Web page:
Patellar denervation is not useful in total knee arthroplasty with patellar resurfacing
ESSKA Academy. Hinarejos P. 11/08/19; 284390; epEKA-59 Topic: Joint Replacement
Pedro Hinarejos
Pedro Hinarejos
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Patellar denervation is not useful in total knee arthroplasty with patellar resurfacing

ePoster - epEKA-59

Topic: TKA

Hinarejos P., Goicoechea N., Leal-Blanquet J., Torres-Claramunt R., Sanchez-Soler J., Monllau J.C.
Parc de Salut Mar, Barcelona, Spain

Introduction: Anterior knee pain (AKP) after total knee arthroplasty (TKA) is frequent. Different studies have evaluated the effect of patellar denervation after a TKA without prosthetic patella, with better clinical results in the short-term follow-up, but there is a lack of studies of patellar denervation when the patellar component is replaced.
Aim: To evaluate the efect of patellar denervation to reduce AKP in patients with a TKA with replacement of the patella.
Material and methods: A prospective randomized study was designed, and 202 unilateral TKA with patellar component were included. In group 1 a patellar denervation was performed and in group 2 it was not done.
Patients with subsequent surgeries, or missed in the postoperative follow-up were excluded.
The average age of the patients was 72.7 years. Gender was 70.2% women and 29.8% men. The mean body mass index was 31.4. These data were similar in both groups.
Pain and patellar function were evaluated according to Feller´s patellofemoral score, and the knee and functional status was evaluated by KSS. The VAS scores reported at rest, walking and descending stairs were recorded.The pressure pain threshold (PPT) was quantified by pressure algometry (PA) applied 3 times in over the patella with an electronic algometer. PPT was considered the average of the 3 measurements. All the variables were collected in the preoperative and at 12 postoperative months.
A regular statistical analysis was done and p-value less than 0.05 were considered significant.
Results: The mean preoperative (12.6 vs 13.6; p=ns) and postoperative (24.4 and 25.9; p=ns) Feller score values were similar in both groups.The mean preoperative (52.7 vs 51.6) and postoperative (91.53 vs 92.91) KSS were similar in both groups.The mean preoperative VAS values were similar in both groups. The mean postoperative VAS values were 0.78 and 0.41 at rest (p = n.s); 1.58 and 0.85 when walking; and 2.93 and 1.59 descending stairs (p = 0.02), in groups 1 and 2. Preoperative pressure algometry values were similar in both groups. The mean PPT postoperative values were 494.4 KPa in the denervation group and 552.4 KPa in group 2 (p = 0.047).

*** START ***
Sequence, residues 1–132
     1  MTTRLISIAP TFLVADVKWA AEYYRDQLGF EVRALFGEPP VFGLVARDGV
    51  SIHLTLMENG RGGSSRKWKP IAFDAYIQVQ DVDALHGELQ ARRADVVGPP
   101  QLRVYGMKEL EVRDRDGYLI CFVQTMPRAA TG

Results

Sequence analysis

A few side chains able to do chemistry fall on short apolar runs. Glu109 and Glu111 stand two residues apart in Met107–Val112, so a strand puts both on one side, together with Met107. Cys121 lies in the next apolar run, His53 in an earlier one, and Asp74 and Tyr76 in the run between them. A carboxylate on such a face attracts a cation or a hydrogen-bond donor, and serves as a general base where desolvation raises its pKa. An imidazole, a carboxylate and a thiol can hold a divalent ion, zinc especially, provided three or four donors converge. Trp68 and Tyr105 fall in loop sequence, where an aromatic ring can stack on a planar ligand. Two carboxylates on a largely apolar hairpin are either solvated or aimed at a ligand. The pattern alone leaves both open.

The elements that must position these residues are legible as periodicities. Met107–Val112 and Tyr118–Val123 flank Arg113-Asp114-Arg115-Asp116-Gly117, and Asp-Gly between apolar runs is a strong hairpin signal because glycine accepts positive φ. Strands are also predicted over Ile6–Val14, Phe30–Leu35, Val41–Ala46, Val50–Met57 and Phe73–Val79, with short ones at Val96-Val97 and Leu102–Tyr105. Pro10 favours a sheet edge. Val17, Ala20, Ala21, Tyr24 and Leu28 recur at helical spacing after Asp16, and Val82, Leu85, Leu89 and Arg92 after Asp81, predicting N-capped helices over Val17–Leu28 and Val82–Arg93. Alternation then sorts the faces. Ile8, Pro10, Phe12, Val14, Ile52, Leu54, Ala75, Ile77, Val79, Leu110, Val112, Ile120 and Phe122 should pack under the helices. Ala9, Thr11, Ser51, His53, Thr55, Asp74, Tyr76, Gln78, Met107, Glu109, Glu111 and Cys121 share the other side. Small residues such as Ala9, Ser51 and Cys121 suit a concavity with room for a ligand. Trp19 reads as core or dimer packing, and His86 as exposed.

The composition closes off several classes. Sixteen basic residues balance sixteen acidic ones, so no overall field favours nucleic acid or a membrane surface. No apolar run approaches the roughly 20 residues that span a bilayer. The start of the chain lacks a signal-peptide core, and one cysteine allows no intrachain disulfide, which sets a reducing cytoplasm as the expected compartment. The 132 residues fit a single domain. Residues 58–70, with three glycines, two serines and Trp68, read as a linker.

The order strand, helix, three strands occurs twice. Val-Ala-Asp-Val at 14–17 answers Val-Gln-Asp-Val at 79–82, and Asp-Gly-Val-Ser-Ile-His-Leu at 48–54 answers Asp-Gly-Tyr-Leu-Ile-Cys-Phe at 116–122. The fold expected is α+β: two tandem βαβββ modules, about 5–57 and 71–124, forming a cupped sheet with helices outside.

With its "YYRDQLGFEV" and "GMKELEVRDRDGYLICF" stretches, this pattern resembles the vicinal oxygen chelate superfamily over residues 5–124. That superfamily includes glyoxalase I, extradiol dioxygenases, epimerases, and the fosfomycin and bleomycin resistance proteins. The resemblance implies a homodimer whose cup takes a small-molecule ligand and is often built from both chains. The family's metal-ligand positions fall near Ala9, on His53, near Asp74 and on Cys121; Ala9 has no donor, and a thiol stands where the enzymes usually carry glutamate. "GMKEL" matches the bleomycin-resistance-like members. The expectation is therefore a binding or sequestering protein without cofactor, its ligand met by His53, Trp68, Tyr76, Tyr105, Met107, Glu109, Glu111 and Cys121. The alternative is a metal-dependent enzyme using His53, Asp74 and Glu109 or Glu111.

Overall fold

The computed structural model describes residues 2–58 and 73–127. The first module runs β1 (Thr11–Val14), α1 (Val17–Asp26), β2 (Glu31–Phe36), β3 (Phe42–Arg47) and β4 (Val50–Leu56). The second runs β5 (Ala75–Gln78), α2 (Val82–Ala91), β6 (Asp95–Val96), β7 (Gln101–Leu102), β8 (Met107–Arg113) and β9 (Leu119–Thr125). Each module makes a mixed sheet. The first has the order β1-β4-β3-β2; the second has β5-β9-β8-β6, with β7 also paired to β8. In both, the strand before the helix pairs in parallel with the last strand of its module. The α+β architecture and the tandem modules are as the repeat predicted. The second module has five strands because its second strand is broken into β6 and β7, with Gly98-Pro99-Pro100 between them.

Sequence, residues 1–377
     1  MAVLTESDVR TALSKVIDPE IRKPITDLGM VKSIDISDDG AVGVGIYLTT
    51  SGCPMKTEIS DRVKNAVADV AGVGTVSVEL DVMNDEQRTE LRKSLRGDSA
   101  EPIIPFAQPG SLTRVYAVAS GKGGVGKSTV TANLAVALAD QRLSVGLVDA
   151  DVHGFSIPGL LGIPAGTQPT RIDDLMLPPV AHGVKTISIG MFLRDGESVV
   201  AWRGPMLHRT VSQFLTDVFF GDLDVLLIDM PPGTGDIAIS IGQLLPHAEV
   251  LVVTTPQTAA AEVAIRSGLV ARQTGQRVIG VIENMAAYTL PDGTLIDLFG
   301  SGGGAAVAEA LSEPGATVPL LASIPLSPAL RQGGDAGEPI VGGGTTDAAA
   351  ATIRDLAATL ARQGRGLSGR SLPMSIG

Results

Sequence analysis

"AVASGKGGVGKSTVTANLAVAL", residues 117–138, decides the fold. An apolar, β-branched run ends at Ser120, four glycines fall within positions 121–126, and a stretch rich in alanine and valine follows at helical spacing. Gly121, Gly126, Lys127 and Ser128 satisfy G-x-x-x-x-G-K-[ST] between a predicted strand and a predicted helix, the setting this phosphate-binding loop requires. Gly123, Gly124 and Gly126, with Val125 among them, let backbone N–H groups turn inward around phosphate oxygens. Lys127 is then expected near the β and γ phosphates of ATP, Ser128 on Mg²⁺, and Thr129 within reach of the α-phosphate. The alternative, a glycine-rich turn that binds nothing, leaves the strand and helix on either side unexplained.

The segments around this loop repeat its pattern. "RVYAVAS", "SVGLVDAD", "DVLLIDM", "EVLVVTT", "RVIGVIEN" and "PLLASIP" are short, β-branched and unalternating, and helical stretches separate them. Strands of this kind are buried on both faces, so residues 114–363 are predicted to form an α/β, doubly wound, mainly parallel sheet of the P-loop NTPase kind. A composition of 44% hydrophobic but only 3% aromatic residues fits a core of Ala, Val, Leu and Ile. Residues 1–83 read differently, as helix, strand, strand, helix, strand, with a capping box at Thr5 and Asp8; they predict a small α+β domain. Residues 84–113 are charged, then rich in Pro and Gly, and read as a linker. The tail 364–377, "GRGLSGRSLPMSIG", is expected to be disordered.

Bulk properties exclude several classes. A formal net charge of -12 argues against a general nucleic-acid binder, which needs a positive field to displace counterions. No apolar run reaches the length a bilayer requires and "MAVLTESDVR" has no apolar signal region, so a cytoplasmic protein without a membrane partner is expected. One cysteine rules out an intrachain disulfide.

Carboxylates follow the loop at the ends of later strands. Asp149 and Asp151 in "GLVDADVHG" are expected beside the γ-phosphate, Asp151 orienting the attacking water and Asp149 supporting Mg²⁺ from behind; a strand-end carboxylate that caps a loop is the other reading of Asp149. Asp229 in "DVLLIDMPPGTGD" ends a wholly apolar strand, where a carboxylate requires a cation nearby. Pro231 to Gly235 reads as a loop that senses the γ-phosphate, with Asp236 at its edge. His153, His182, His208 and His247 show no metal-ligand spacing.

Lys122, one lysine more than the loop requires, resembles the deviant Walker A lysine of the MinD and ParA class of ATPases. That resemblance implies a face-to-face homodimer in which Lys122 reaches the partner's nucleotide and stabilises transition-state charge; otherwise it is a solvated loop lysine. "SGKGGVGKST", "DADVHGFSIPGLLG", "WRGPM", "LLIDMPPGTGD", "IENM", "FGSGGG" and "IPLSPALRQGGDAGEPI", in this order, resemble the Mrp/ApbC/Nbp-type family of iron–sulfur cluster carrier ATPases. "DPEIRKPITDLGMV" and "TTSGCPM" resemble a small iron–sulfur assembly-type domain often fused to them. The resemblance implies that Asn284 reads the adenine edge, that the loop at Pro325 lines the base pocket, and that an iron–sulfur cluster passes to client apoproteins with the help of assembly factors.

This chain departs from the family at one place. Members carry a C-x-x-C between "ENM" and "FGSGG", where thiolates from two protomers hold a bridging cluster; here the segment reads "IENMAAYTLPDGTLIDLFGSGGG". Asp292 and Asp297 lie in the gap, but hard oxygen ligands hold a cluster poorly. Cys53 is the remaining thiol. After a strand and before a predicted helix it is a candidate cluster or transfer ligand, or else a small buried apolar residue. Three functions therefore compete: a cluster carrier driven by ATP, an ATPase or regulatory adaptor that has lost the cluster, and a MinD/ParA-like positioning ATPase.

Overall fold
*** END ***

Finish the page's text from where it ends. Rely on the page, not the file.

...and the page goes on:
Conclusions: Patellar denervation in this study, in which we have prosthetized the patella in all the knees, does not provide any improvement in the knee scores with respect to the TKA without denervation. We do not recommend using patellar denervation with electrocautery if patella is replaced in a TKA.
Patellar denervation is not useful in total knee arthroplasty with patellar resurfacing

ePoster - epEKA-59

Topic: TKA

Hinarejos P., Goicoechea N., Leal-Blanquet J., Torres-Claramunt R., Sanchez-Soler J., Monllau J.C.
Parc de Salut Mar, Barcelona, Spain

Introduction: Anterior knee pain (AKP) after total knee arthroplasty (TKA) is frequent. Different studies have evaluated the effect of patellar denervation after a TKA without prosthetic patella, with better clinical results in the short-term follow-up, but there is a lack of studies of patellar denervation when the patellar component is replaced.
Aim: To evaluate the efect of patellar denervation to reduce AKP in patients with a TKA with replacement of the patella.
Material and methods: A prospective randomized study was designed, and 202 unilateral TKA with patellar component were included. In group 1 a patellar denervation was performed and in group 2 it was not done.
Patients with subsequent surgeries, or missed in the postoperative follow-up were excluded.
The average age of the patients was 72.7 years. Gender was 70.2% women and 29.8% men. The mean body mass index was 31.4. These data were similar in both groups.
Pain and patellar function were evaluated according to Feller´s patellofemoral score, and the knee and functional status was evaluated by KSS. The VAS scores reported at rest, walking and descending stairs were recorded.The pressure pain threshold (PPT) was quantified by pressure algometry (PA) applied 3 times in over the patella with an electronic algometer. PPT was considered the average of the 3 measurements. All the variables were collected in the preoperative and at 12 postoperative months.
A regular statistical analysis was done and p-value less than 0.05 were considered significant.
Results: The mean preoperative (12.6 vs 13.6; p=ns) and postoperative (24.4 and 25.9; p=ns) Feller score values were similar in both groups.The mean preoperative (52.7 vs 51.6) and postoperative (91.53 vs 92.91) KSS were similar in both groups.The mean preoperative VAS values were similar in both groups. The mean postoperative VAS values were 0.78 and 0.41 at rest (p = n.s); 1.58 and 0.85 when walking; and 2.93 and 1.59 descending stairs (p = 0.02), in groups 1 and 2. Preoperative pressure algometry values were similar in both groups. The mean PPT postoperative values were 494.4 KPa in the denervation group and 552.4 KPa in group 2 (p = 0.047).
Conclusions: Patellar denervation in this study, in which we have prosthetized the patella in all the knees, does not provide any improvement in the knee scores with respect to the TKA without denervation. We do not recommend using patellar denervation with electrocautery if patella is replaced in a TKA.
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